By the time the Souls hit the stage, the sold-out crowd had packed sardine style into the venue, and remained a frenetic ball of energy from the opening notes of “Hopeless Romantic” to the closing notes of “Night On Earth” more than an hour later. The Hartford area has been starved for good punk shows for a while – the Webster tends to draw a more metal-influenced crowd – and even though the average age was…well…clearly Souls fans from back in the day, that didn’t stop the constant whirling dervish and barrage of crowd surfers from matching the band’s energy. If you closed or eyes or at least just squinted, you’d have sworn it was 1998 all over again. “Monday Morning Ant Brigade” and “These Are The Quotes From Our Favorite ’80s Movies” and “I Like Your Mom” were fun additions to a set, and are proof that the band still maintain their goofy sense of humor amidst a set that is also chock full of anthemic rallying cries. Oh, and speaking of the band’s energy; it is not hyperbole or said with any malice to previous drummers to state that the addition of George Rebelo behind the kit equates to the most steady, rock solid lineup of the band’s three-decade career. There was obviously early scuttlebutt that they might throw in the towel when Michael McDermott left back in 2013 after a 14 year run, and boy would that have been a mistake.

Head below for our photo rundown from a night that was truly one for the books.



Silverstein stream new acoustic EP “The Afterglow / Aquamarine”

Canadian post-hardcore veterans (Rise Records) Silverstein have just released a new acoustic EP which features acoustic versions of “The Afterglow,” and “Aquamarine.”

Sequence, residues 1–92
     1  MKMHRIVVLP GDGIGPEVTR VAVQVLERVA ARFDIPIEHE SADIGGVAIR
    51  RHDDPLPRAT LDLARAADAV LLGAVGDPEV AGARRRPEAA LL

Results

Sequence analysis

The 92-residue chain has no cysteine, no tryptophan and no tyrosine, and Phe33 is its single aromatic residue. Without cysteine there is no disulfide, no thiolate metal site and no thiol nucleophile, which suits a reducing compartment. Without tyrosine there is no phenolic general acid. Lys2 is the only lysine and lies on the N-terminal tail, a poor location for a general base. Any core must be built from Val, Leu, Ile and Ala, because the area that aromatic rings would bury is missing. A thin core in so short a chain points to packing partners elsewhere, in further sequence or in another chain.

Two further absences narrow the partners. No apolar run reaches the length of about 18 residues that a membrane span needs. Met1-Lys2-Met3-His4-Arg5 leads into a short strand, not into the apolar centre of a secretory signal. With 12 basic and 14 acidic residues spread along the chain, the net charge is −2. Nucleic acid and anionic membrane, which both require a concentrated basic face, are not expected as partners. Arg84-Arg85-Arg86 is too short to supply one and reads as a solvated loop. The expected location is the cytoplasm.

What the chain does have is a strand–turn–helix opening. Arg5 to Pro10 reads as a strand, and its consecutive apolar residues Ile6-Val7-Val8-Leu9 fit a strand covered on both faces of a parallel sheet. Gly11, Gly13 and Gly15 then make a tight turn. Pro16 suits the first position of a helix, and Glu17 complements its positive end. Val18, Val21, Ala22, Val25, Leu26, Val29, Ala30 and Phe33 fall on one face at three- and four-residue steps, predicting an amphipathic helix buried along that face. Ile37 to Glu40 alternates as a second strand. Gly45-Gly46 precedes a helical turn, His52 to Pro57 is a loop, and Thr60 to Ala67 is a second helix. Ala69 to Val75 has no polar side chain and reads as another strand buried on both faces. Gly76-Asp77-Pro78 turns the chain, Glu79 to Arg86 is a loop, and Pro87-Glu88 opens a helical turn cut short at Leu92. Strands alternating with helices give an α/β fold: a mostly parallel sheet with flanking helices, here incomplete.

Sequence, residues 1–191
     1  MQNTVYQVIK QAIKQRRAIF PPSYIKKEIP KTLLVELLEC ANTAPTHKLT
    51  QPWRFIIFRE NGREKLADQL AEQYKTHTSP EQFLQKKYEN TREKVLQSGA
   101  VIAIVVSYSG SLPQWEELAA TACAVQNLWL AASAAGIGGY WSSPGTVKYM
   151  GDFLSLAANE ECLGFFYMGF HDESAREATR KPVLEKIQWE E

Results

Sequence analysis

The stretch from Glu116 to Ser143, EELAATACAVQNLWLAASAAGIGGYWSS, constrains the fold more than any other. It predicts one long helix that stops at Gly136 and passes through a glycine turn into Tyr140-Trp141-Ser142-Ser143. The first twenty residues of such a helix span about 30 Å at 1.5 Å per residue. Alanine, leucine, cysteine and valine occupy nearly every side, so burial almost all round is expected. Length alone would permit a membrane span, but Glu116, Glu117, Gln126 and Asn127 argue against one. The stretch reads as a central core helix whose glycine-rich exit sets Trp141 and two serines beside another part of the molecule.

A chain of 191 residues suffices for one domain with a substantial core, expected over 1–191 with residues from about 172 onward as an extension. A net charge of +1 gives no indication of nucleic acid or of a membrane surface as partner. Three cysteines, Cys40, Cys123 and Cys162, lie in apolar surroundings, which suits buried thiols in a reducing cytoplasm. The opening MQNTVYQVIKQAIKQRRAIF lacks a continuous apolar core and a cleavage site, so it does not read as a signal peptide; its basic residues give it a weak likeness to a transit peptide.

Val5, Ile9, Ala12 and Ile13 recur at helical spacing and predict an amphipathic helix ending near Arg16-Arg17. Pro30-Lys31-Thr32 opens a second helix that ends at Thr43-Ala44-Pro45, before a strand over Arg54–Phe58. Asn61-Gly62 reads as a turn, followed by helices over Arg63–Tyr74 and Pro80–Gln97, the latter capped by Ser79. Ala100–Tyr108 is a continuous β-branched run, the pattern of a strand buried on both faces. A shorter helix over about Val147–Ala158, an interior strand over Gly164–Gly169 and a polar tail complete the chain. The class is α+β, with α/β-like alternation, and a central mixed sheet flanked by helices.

These two tracks come off of their most recent release of “Dead Reflection” which according to the band, “ is the culmination of Silverstein’s sonic growth and the personal journeys entangled in the band’s 18 year career, so the shift to a reflective sound on the new EP felt appropriate.” 

Furthermore, the band’s vocalist Shane Told notes, “it’s not easy to take a screaming-heavy hardcore part and turn it into an emotional part that your Mom would be into, but we love that challenge. It’s cool to see a song that’s only ever been thought of one way in a completely different light.” 

You can stream the EP here.



Hot Water Music (gravelcore) release new track “I Will Be”

Florida gravelcore band Hot Water Music have released a B-side track called “I Will Be” via Rise Records. The band last released Light It Up in 2017, also via Rise Records. You can listen to this wonderfully gritty song below.



New Music: Hot Water Music debut previously unreleased “I Will Be” from the “Light It Up” Sessions